In the Concubine, Elechi Amadi tells us (his readers) a rather eye-opening and compelling story.
He opens the novel with this axiom:
“The Thunder-god feasts in his grove,
Then naps ‘twixt rainbows up above;
But justice suffers here below,
And we know not which way to go.”
As though to prepare his readers for an encounter with the gods, the supernatural, and the extraordinary, as it is mingled with the everyday affairs of the Igbo people. The Igbo community (at the time) which he naturally sets this story in, seems to expect divine interference in their everyday life as a rather normal cause of events. As they go about their day-to-day activities, in this book, Elechi Amadi lets us accompany them (through our mind’s eye), as the men go to check their traps in the forest, as they all go to work on their farms, as they sit in the reception halls of their homes, as the wives cook in their kitchens, as friends visit each other to gossip, as the whole village (both young and old) gather occasionally to sing and dance together, as they go to marry wives, as they discuss quarrels that involve beating of their wives, as they go to bed on their bamboo beds and mats, as they embrace, shun, and struggle with death, the whole time we are there with them through Elechi Amadi’s penmanship, we become a part of their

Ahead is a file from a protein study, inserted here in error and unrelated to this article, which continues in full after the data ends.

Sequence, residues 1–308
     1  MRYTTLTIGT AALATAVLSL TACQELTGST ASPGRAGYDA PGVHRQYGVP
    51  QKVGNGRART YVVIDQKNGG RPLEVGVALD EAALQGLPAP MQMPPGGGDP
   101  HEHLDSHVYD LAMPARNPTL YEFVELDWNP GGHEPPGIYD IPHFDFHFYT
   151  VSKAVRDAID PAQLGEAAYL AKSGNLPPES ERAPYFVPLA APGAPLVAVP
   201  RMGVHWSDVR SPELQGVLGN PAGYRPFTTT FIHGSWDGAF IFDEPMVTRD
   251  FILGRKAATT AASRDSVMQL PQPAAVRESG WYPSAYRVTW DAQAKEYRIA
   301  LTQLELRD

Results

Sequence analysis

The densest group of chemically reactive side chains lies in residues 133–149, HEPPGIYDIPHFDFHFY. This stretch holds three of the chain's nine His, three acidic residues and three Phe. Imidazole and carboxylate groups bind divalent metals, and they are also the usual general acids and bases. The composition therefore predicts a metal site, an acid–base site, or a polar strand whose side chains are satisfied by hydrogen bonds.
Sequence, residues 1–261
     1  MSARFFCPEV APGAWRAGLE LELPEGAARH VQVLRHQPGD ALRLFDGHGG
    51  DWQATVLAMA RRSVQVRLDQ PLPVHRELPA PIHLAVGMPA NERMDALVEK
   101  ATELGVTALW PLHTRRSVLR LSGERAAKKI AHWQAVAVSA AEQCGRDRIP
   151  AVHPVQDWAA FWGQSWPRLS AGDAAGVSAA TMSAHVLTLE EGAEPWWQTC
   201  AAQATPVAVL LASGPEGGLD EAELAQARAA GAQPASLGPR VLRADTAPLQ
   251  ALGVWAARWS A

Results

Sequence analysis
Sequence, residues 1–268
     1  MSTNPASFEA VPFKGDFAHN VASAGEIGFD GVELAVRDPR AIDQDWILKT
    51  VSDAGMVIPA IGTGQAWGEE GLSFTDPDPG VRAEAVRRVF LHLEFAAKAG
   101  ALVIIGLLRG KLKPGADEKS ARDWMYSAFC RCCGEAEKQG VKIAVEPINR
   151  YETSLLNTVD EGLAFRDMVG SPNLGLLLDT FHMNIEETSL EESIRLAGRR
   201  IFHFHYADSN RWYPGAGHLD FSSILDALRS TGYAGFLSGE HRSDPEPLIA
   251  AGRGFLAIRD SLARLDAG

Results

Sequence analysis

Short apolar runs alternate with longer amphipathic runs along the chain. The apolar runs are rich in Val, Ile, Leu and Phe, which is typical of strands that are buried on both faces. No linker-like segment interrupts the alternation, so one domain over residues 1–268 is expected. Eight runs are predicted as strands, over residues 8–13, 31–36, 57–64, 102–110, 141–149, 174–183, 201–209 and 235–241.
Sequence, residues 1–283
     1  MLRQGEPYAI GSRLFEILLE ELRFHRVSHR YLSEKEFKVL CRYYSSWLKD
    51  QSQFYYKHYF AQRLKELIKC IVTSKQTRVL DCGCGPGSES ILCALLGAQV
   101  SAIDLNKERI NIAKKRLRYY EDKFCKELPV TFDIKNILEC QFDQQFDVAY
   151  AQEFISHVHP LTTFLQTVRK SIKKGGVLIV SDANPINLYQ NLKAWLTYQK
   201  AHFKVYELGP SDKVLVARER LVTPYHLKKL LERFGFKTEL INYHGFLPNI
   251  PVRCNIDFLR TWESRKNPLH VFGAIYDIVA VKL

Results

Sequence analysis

Ihuoma, a very fine woman both in spirit and in person, turns out to be Amadi’s main character in this novel. A very beautiful well behaved simple woman, who also turns out to be something we all (including herself) struggle to grapple with in the end. Do all the men, women, children, and things linked to her life rise and fall because of her, or does she rise and fall because of them. This is a conundrum Elechi Amadi poses to his readership as well as his characters in this book.
Amadi naturally explores philosophical as well as spiritual phenomena present within the Igbo worldview with this book, such as; the polarity of existence which layers our universe – Oke and Nne (Nwunei), what many would simplify as the masculine and feminine; yin and yang; opposing yet balancing factors. He casually makes reference to this in his description of the drums in his storytelling. He also highlights the abominable perception suicide takes within the Igbo culture, the roles Dibịa play within the community, the hand of divine justice – Ofo na Ogu in the society, the application of body art (uli) with indigo, the idea of reincarnation and the personhood of Agwụ as something people contest with. Basically, the author touches on various cultural as well as spiritual realities of Ndị Igbo (the Igbo people) in his novel.
Elechi Amadi executes a poetic as well as proverbial use of language and metaphors in his writing of the Concubine, as though to illustrate that he too is very much influenced and an adept of the culture he writes about. The Concubine as a novel is definitely a good capture of what an Igbo community would look like pre-colonialism.